Mumbai: Indian state-run banks’ rupee debt is gaining as proposed mergers and capital injection by the government are set to bolster credit profiles of these lenders.
Canara Bank and Union Bank of India, which are part of a merger plan announced by the government, have seen the yields on their rupee bonds fall as much as 7 basis points this week, according to pricing data provided by Crisil, people familiar with the matter said. Outstanding rupee debt securities of the 10 lenders being combined totals more than $13 billion, data compiled by Bloomberg show.
The move to combine 10 lenders to create four and an infusion of ₹55,250 crore ($7.7 billion) into them, announced by Finance Minister Nirmala Sitharaman last week, would boost their risk buffers and help in the battle against world’s worst bad debt pile. Worsening asset quality has been a hindrance to raising capital by state-run banks, constraining their ability to grow loans and bolster profits.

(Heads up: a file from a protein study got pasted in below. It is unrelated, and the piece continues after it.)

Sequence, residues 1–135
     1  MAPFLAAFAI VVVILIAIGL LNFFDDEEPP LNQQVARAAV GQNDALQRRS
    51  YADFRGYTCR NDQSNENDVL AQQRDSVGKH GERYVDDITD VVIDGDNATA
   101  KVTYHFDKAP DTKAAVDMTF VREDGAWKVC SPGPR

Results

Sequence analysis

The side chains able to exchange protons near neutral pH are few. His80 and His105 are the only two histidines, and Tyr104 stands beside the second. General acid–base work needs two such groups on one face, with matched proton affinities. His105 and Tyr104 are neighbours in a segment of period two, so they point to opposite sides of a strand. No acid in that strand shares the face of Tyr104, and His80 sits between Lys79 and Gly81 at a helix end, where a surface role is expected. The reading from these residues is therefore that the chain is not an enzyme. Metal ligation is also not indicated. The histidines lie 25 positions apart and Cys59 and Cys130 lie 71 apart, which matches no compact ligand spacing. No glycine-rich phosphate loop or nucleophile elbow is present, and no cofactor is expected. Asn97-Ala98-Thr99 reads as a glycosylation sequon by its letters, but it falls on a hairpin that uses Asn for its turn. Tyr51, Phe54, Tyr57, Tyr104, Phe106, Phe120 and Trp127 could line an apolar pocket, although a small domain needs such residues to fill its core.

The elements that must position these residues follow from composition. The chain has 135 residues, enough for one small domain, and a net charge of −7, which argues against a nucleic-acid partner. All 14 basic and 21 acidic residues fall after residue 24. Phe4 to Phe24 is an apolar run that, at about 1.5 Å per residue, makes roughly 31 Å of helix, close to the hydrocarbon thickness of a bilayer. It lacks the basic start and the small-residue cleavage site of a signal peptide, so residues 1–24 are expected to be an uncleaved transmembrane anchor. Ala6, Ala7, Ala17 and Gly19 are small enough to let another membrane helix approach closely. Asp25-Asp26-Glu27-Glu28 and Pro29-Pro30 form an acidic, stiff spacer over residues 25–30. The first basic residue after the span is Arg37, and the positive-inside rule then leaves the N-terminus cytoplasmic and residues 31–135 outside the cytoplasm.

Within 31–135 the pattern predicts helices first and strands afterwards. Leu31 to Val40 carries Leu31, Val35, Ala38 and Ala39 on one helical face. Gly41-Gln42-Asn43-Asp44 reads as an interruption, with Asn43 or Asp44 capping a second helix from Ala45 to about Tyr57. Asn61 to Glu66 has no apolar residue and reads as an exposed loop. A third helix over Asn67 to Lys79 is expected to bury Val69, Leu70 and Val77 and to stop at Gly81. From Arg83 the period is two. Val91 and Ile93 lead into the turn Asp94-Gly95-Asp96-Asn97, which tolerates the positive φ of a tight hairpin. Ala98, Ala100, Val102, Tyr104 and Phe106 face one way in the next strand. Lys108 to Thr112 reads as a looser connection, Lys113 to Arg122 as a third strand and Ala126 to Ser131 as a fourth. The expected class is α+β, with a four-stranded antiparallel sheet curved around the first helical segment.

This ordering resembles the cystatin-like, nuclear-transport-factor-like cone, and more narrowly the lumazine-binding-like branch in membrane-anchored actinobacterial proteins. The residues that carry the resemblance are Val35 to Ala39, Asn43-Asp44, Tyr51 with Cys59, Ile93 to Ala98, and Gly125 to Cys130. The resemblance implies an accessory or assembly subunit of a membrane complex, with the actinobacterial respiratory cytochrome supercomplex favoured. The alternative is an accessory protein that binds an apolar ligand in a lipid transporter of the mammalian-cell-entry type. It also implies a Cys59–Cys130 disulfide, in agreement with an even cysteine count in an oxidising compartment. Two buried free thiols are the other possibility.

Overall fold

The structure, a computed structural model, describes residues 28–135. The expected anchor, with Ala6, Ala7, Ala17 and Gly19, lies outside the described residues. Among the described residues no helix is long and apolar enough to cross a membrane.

The yield on Canara Bank’s 8.4% notes due April 2026 fell to 7.86% Thursday, compared with 7.9% August 30, according to data from Crisil. The yield on peer Union Bank of India’s 8.9% notes due 2022 declined to 7.66% versus 7.69%, the data show.
“Weaker banks are the biggest beneficiaries of the mergers. They are likely to benefit from lower bad-loan ratios of the merged entities,” according to Sandeep Agarwal, manager of fixed-income at Sundaram Asset Management Co. in Mumbai. “With these mergers, bank bonds are looking very attractive at this time given the yields they are offering compared to other issuers.”